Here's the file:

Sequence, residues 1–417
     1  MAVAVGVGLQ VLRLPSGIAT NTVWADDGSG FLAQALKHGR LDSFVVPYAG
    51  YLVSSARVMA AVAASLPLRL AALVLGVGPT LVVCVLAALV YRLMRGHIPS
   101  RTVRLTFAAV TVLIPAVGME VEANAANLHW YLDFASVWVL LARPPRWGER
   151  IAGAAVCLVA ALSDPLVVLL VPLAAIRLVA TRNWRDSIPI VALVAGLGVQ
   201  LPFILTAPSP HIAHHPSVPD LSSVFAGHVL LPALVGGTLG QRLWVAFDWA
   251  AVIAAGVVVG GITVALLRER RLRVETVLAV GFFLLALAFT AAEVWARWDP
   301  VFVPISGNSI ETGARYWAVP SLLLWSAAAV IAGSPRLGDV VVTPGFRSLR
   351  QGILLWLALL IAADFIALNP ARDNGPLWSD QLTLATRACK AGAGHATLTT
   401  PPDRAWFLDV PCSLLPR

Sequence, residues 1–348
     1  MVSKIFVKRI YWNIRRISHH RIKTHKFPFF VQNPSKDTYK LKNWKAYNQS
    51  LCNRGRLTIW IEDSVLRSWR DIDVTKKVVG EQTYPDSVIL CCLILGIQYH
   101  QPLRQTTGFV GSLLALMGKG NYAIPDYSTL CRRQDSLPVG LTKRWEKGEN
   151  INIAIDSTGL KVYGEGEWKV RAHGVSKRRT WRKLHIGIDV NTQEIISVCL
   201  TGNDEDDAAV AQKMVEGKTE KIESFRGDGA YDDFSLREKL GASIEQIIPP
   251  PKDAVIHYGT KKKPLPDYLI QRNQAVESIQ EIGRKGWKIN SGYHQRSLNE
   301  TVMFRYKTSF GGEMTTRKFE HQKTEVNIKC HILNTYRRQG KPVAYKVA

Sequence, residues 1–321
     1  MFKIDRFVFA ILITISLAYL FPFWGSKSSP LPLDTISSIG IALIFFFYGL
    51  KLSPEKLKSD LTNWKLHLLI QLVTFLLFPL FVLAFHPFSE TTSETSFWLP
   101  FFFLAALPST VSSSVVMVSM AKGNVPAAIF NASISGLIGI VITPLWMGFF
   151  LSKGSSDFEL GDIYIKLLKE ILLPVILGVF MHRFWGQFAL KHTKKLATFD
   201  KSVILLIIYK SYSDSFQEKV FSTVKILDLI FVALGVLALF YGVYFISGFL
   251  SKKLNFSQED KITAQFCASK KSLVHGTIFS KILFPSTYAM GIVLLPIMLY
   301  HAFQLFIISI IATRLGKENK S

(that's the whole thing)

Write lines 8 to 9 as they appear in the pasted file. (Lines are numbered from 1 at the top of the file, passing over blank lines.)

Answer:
   301  VFVPISGNSI ETGARYWAVP SLLLWSAAAV IAGSPRLGDV VVTPGFRSLR
   351  QGILLWLALL IAADFIALNP ARDNGPLWSD QLTLATRACK AGAGHATLTT